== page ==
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Original article
Direct comparison of clinical decision limits for cardiac troponin T and I
  1. Dorien M Kimenai1,2,
  2. Ronald MA Henry2,3,
  3. Carla JH van der Kallen2,3,
  4. Pieter C Dagnelie2,4,5,
  5. Miranda T Schram2,3,
  6. Coen DA Stehouwer2,3,5,
  7. Jeroen DE van Suijlen6,
  8. Marijke Niens6,
  9. Otto Bekers1,2,
  10. Simone JS Sep2,3,
  11. Nicolaas C Schaper2,3,5,
  12. Marja P van Dieijen-Visser1,2,
  13. Steven JR Meex1,2
  1. 1Department of Clinical Chemistry, Maastricht University Medical Centre (MUMC+), Maastricht, The Netherlands
  2. 2Cardiovascular Research Institute Maastricht (CARIM), Maastricht University, Maastricht, The Netherlands
  3. 3Department of Medicine, MUMC+, Maastricht, The Netherlands
  4. 4Department of Epidemiology, MUMC+, Maastricht, The Netherlands
  5. 5School for Public Health and Primary Care (CAPHRI), Maastricht University, Maastricht, The Netherlands
  6. 6Department of Clinical Chemistry, Gelre Hospital, Apeldoorn, The Netherlands
  1. Correspondence to Steven JR Meex, Department of Clinical Chemistry, Maastricht University Medical Centre (MUMC+), PO Box 5800, Maastricht 6202 AZ, The Netherlands; steven.meex{at}mumc.nl

Abstract

Objective The 99th percentile upper reference limit of high-sensitivity cardiac troponin (hs-cTn) from a healthy reference population is used for diagnosing acute myocardial infarction (AMI). Accepted current thresholds of hs-cTnT (Roche) and hs-cTnI (Abbott) are 14 and 26 ng/L, respectively. Since thresholds for hs-cTnT and hs-cTnI were derived from different reference cohorts it is unclear whether they are biologically equivalent. We directly assessed sex-specific and age-specific 99th percentile upper reference limits of hs-cTnT and hs-cTnI in a single reference cohort, to investigate whether current divergent thresholds of hs-cTnT and hs-cTnI stem from intrinsic assay differences or reflect cohort variation.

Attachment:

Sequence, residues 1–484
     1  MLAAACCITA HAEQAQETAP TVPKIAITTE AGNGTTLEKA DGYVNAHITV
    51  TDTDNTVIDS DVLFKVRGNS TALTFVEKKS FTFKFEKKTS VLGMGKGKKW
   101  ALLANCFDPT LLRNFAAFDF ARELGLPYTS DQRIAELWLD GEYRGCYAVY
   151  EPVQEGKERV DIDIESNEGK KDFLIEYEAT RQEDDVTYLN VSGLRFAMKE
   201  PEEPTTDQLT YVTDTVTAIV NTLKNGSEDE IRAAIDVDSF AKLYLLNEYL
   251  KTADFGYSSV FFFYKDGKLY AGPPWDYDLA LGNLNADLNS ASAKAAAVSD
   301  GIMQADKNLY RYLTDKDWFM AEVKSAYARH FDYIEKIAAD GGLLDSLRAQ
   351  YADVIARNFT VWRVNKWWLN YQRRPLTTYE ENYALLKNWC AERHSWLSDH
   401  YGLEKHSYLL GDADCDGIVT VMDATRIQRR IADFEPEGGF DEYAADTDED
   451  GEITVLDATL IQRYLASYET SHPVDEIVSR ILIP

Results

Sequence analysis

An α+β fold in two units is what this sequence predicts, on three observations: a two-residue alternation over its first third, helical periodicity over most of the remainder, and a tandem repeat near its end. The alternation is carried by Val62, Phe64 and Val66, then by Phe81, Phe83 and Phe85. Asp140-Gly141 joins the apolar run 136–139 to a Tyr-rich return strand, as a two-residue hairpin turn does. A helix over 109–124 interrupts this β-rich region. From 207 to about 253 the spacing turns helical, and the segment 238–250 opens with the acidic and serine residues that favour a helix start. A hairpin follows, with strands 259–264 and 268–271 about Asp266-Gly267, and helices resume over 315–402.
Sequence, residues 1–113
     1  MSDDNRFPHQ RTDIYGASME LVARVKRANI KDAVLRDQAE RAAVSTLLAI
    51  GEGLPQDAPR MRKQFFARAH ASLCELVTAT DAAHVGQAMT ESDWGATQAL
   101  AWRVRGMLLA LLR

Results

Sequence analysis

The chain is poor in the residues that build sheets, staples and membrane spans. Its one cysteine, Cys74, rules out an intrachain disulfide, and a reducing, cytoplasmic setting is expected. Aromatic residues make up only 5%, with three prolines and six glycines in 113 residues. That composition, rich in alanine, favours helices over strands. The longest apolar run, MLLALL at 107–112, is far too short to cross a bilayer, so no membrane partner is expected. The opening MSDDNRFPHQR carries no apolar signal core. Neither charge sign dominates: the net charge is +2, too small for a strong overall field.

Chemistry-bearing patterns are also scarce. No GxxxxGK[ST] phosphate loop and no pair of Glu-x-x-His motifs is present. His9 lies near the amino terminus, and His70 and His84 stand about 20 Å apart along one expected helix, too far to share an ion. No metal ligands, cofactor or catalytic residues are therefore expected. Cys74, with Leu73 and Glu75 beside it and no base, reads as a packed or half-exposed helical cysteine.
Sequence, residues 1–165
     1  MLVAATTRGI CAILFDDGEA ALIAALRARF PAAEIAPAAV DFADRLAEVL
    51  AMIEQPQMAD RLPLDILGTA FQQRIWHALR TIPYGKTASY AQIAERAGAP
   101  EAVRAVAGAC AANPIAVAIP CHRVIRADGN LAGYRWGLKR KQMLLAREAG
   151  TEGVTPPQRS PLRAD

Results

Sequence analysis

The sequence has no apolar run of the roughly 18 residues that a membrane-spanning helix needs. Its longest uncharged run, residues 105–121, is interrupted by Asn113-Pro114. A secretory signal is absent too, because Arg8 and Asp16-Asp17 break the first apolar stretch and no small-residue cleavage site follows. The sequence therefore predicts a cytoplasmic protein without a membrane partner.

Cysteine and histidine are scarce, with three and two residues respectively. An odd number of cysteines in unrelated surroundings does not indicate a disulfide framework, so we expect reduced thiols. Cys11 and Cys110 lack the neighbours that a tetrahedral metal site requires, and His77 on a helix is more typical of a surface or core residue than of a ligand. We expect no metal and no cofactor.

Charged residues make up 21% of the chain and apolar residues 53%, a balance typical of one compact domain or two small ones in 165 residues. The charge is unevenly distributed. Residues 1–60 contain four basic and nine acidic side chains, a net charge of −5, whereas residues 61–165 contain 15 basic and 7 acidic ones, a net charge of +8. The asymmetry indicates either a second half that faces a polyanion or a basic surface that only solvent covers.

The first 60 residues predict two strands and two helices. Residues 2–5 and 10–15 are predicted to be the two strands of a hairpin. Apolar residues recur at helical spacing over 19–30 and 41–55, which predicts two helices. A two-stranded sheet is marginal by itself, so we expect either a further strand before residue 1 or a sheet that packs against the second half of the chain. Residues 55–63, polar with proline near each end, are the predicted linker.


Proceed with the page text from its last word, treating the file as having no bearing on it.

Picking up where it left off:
Methods A healthy reference population was derived from a population-based cohort (the Maastricht Study: n=3451; age: 40–75 years). Individuals with diabetes mellitus, a history of cardiovascular disease, cardiac ischaemia on ECG, N-terminal pro-brain natriuretic peptide >125 ng/L or estimated glomerular filtration rate <60 mL/min/1.73 m2 were excluded. Non-parametric analyses were performed to assess 99th percentile upper reference limits.

Results 1540 individuals were included in the healthy reference population (age 57±8 years, 52.4% women). Overall 99th percentile upper reference limits of hs-cTnT and hs-cTnI were 15 and 13 ng/L, respectively. Upper reference limits were higher in men than women (hs-cTnT: 16 vs 12 ng/L), (hs-cTnI: 20 vs 11 ng/L) and increased with age.

Conclusions Direct comparison reveals numerically similar thresholds for hs-cTnT and hs-cTnI assays. This finding is in line with recently reported underdiagnosis of AMI with the current decision limit of 26 ng/L for hs-cTnI, especially among women. Downwards adjustment of the hs-cTnI threshold, differentiated for sex, would equalise clinical decision limits for both assays, and may prevent further underdiagnosis of AMI.

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